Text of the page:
Airbuff
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Report Of A Snowbird Crash In Thunder Bay

Thu Aug 25, 2005 7:17 am

Snowbird jet crashes at Thunder Bay, Ont
Last Updated Wed, 24 Aug 2005 18:07:48 EDT
CBC News
There are reports that a Canadian Forces Snowbird aerial demonstration jet crashed at or near an airshow Wednesday in Thunder Bay, in Northwestern Ontario.

The Snowbird team was to appear at the show at 5:30 p.m., but the event was cancelled 10 minutes later, after an announcment that a plane had crashed.

An organizer for the event said the plane that crashed was one of the Snowbirds aeronautical team, but that was not immediately confirmed by police.

No other details are available.

[Edited 2005-08-25 00:20:17]

[Edited 2005-08-25 00:32:02]
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Bobster2
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RE: Report Of A Snowbird Crash In Thunder Bay

Thu Aug 25, 2005 8:47 am

"I tell you this, no eternal reward will forgive us now for wasting the dawn." Jim Morrison
 
Jalto27R
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RE: Report Of A Snowbird Crash In Thunder Bay

Thu Aug 25, 2005 8:48 am

Not good, not good at ALL.

Mike
 
jutes85
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RE: Report Of A Snowbird Crash In Thunder Bay

Thu Aug 25, 2005 9:47 am

There is a reason that the tutors are used as training aids.
nothing
 
MissedApproach
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RE: Report Of A Snowbird Crash In Thunder Bay

Thu Aug 25, 2005 12:04 pm

Sunuva*itch! If this keeps up the Tutor will replace the Sea King as Canada's most crashed aircraft. I'm glad nobody was hurt this time. According to the news clip I found this crash appears to have been a mechanical (engine) problem.
SPAR finished mx on another Tutor at YTR today, it was buzzing around the circuit- so at least the team will be back up to strength.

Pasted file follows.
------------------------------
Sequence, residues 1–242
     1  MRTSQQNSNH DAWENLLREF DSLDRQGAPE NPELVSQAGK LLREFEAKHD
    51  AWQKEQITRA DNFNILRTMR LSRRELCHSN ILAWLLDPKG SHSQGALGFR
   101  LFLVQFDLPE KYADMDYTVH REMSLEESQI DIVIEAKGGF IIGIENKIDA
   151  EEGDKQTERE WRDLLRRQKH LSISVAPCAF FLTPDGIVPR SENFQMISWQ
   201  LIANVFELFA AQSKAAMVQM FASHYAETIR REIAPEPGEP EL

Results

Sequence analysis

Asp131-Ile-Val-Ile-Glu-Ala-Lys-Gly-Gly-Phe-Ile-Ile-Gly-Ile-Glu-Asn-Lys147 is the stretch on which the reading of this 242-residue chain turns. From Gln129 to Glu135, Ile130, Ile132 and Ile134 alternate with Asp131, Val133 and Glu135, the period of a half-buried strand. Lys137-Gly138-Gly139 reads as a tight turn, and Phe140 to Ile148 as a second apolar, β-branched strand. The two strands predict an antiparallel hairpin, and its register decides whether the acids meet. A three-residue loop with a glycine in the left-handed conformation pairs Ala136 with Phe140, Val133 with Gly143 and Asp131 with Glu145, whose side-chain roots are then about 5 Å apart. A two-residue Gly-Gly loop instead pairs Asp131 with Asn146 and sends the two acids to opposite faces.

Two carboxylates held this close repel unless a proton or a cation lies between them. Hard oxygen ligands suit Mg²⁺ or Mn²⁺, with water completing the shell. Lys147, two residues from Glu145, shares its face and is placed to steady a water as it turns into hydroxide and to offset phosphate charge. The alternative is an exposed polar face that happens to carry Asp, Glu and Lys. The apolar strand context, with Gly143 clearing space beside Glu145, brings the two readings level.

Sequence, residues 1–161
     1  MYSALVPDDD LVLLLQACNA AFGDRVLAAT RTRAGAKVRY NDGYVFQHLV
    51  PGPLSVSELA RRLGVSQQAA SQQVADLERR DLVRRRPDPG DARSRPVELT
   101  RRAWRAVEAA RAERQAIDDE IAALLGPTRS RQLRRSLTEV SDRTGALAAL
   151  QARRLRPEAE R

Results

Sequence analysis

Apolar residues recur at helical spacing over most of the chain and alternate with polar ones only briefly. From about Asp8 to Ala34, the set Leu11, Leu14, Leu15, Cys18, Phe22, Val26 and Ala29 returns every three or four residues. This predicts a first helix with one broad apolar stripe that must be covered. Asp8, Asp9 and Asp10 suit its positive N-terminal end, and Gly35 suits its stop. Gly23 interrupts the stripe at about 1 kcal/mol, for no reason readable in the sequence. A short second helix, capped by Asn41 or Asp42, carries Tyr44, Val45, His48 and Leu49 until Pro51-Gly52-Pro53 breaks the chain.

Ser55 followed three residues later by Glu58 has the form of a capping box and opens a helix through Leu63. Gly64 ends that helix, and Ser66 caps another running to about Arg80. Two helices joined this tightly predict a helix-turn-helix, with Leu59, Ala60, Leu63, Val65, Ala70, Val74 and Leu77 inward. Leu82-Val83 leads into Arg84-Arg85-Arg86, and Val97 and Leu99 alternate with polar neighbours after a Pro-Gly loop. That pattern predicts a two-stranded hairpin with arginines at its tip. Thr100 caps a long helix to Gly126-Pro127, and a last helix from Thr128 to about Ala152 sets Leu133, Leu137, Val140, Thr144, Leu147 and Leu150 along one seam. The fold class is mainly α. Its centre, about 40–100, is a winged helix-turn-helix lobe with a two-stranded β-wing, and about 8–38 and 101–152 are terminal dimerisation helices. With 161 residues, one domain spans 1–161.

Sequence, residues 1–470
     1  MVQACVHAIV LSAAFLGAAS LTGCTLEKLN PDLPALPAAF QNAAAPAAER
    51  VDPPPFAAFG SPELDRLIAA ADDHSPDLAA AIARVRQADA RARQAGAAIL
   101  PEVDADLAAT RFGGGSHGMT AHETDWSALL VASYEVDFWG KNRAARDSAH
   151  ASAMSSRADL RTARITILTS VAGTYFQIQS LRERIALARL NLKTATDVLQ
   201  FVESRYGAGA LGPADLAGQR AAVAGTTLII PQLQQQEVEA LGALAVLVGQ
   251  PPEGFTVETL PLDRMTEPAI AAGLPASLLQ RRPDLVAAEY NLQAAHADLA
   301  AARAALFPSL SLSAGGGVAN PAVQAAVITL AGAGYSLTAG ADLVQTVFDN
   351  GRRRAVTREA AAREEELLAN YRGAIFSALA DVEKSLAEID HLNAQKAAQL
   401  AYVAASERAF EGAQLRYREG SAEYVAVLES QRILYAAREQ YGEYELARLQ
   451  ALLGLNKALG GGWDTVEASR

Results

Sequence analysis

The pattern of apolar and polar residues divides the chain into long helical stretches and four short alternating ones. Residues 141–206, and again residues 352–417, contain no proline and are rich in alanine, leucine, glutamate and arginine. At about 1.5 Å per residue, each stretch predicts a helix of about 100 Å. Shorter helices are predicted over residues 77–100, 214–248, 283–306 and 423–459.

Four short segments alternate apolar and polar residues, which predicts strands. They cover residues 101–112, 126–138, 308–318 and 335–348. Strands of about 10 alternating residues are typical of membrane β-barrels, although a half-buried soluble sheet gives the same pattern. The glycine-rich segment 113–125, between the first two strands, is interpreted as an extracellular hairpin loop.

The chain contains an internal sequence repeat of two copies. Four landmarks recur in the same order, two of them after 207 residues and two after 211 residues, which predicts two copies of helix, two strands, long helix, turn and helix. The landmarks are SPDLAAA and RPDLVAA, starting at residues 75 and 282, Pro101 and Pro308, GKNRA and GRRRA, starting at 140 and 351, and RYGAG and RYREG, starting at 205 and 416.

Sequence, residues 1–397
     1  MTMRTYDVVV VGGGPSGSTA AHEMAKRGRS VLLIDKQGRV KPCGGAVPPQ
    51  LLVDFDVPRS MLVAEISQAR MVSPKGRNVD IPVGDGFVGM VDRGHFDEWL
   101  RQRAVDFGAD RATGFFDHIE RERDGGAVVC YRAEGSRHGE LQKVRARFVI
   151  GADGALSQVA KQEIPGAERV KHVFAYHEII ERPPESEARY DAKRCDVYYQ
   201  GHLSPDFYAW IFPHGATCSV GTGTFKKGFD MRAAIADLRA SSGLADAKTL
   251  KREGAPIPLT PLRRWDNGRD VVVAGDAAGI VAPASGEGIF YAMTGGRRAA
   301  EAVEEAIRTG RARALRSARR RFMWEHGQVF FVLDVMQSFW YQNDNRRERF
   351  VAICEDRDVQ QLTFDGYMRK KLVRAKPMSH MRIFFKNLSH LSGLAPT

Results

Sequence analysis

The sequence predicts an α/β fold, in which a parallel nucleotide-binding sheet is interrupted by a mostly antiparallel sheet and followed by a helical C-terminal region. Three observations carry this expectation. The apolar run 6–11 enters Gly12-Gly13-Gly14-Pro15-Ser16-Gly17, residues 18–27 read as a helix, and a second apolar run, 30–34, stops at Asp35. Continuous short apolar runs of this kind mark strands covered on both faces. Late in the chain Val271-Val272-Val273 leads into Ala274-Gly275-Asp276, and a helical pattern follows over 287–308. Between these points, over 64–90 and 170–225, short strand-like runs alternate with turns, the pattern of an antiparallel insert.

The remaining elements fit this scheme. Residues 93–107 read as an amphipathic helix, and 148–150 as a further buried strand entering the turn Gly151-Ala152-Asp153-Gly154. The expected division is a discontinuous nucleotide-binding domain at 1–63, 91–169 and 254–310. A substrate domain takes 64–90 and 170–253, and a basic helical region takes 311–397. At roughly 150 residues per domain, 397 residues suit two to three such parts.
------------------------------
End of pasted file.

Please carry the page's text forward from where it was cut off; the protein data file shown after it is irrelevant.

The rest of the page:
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Arrow
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RE: Report Of A Snowbird Crash In Thunder Bay

Fri Aug 26, 2005 3:41 am

Quoting MissedApproach (Reply 4):
Sunuva*itch! If this keeps up the Tutor will replace the Sea King as Canada's most crashed aircraft.

I don't have the numbers, but I suspect most of the snowbird crashes have involved pilot error -- not surprising when you think of the kind of flying they do. There was an issue many years ago with the tailplane, after a crash in Grande Prairie Alta, but that was fixed with a modification. There might have been another mechanical problem, but I can't recall it. There is no comparison with the Sea Kings.

What makes these planes easy to maintain and keep flying is the sheer simplicity of the design and systems -- there isn't much high tech here to go wrong.

Preliminary reports indicate this one lost an engine. Gee, how rare is that? And when you've only got one (a genuine rarity in most jet flying these days) it kind a guarantees a sticky end to the airframe. Be grateful the pilot ejected and was apparently uninjured.

It's premature to start carping about "old" airplanes and their so-called accident record when they haven't even started the investigation. Engines can quit for a wide variety of reasons -- including fuel contamination, or bird consumption -- neither one a fault of the engine or its systems.

Give these guys a break. Ground the tutors and there are no Snowbirds for the simple reason that this miserly federal government wouldn't ante up the money to give them new mounts.
Never let the facts get in the way of a good story.
 
WrenchBender